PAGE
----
Have you heard? You mean, when building a cabinet you haven’t sometimes been aware of a ping here, a plunk there? No, it’s not the heater expanding. It’s your wood . Wood is sensuous. We gaze on its beauty; we relish its aroma; we delight in its texture .
Taste is not important, unless you happen to be a termite; but sound can have its place-though that is certainly not the first consideration in selecting lumber. Listen up .Good Vibrations From resonant redwood to tinkling teak, the sound of wood begins with cells. Their length , the direction in which they grow relative to the vertical axis of the tree, and the ratio of the different thicknesses of their walls comprise the wood’s elasticity.
This causes vibrations when the wood is hit. It works like this : When wood is struck by an object (for example, a hammer missing a nail) , that section of wood becomes deformed. Its elasticity, however, will cause it to try returning to its original shape.
But because of excess energy from the blow, the wood will continue to bend up and down (vibrate) until all the energy is lost.
While vibrating, the wood is transferring energy into the air. This air energy takes the form of sound waves, which reach our ears as sound, or pitch . Due to their individual cellular makeup and elasticity, therefore, different woods have different sounds. So? Familiarity with the different pitches of woods can benefit you in your woodworking. Say a customer wants a good solid sound when he closes a cupboard.
Or a whisper for a bedroom door. Becoming attuned to the various pitches of wood will help you know which to select.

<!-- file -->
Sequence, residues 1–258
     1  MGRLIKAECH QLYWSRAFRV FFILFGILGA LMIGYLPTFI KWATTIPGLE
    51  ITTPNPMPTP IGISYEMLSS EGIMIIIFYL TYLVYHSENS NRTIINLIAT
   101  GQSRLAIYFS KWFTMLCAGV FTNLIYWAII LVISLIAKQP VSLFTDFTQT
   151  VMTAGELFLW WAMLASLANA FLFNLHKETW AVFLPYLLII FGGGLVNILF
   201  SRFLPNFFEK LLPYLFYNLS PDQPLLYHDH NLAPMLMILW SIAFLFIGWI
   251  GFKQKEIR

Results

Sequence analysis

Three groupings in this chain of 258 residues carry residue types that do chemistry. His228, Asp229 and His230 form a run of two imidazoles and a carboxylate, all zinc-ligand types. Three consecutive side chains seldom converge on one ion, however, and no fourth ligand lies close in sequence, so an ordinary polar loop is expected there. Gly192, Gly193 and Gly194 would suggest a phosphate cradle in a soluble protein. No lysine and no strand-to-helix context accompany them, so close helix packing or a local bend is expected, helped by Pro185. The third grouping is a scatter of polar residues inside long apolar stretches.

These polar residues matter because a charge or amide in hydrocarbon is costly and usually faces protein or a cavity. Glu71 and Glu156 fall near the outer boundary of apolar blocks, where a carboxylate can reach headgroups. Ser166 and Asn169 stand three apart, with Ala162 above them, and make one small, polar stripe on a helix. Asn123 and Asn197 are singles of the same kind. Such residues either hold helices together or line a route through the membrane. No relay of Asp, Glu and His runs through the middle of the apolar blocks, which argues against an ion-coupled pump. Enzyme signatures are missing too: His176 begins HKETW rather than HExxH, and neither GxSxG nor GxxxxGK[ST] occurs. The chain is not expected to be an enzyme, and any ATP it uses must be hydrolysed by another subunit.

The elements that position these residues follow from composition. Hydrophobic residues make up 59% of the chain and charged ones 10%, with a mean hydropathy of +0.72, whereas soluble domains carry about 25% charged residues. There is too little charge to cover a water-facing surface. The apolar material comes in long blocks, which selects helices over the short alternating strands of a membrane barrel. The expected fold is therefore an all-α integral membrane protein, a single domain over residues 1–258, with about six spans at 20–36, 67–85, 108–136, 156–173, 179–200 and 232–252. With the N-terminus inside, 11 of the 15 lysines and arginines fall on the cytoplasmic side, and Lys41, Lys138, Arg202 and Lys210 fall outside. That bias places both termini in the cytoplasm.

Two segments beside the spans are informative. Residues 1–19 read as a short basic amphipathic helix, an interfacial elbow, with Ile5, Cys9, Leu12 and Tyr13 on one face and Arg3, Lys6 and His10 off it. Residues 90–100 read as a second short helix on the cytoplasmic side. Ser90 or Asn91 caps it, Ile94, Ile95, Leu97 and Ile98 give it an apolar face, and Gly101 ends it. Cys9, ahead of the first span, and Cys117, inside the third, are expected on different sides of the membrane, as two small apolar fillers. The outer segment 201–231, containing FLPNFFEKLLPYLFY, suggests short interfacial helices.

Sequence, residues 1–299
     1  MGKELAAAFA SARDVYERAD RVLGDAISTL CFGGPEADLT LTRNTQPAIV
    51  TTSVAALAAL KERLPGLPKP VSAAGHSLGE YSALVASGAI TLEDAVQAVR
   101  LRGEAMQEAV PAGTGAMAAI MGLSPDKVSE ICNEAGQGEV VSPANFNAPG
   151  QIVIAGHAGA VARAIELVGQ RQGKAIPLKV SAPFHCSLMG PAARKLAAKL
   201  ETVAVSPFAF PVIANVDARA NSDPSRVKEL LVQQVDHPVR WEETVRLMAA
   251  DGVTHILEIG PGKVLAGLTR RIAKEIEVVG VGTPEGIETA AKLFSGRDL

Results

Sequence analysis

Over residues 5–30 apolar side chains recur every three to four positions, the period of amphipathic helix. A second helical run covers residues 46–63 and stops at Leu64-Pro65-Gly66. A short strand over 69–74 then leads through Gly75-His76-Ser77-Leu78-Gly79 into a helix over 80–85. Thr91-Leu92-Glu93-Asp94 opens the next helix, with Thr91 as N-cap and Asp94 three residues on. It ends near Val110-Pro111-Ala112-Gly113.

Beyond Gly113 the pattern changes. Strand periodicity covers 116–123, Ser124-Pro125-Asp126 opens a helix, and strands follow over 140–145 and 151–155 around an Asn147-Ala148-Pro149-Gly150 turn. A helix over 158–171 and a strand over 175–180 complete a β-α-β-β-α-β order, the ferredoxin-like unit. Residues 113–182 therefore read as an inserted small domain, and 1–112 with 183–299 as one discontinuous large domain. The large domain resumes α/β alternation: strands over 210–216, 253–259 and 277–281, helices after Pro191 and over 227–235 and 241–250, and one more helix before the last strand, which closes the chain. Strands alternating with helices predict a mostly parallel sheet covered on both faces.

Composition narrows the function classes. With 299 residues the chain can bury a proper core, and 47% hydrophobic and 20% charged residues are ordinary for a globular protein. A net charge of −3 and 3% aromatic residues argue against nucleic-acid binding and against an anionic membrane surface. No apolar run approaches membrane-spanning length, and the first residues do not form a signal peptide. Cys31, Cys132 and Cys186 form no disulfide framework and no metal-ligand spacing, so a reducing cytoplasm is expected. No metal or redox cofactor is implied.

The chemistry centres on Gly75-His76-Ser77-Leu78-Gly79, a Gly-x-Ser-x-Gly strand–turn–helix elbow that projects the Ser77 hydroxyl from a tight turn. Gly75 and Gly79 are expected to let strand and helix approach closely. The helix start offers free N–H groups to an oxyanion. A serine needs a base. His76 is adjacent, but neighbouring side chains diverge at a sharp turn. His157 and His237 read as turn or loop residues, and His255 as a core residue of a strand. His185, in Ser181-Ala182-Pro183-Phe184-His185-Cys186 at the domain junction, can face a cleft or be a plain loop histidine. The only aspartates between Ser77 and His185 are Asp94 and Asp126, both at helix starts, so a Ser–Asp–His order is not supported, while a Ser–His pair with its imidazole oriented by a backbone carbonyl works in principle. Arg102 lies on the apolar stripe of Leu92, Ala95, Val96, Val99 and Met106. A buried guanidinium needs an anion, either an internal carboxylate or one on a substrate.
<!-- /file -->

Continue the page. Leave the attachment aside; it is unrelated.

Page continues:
Other applications include door knockers, drawers, wood chimes, gavels, toys, special effects, dance floors and musical instruments.
Anywhere one piece of wood is hit by another piece of wood or object. Building a Pitch Detector To hear the ocean, listen to a seashell. To hear the pitch of wood, build a xylophone. (“Xylon” is Greek for “wood”;”phone” is Greek for “a sound.”) To build this detector of wood sounds: cut 5/8″ x 3/4 x 9″ sections of the different species you want to chart. The sections should be quarter sawn and clear of any knots.
Next cut four lengths of dowel sized so that your samples can lay across them with about Ys” in between . Figure in at each end of the dowels so that they can be fitted into the uprights that will serve as legs for the xylophone.
Drill holes in one end of each section for a screw to mount them on top of the dowels. Make the holes oversize and don’t tighten the screws all the way so they won’t dampen the vibration . Glue a layer of felt along the dowels before attaching the samples. Rank the species in order from the lowest to highest pitch by using a small , round , wooden mallet. Hit the bar directly in the middle and chart the pitch numerically with I being the lowest. (l have found willow to be I; cherry 2; oak and maple 3; pine and walnut 6; alder 10.) Sound good? With your xylophone and your knowledge of wood pitch, you and your maple will soon be making beautiful music together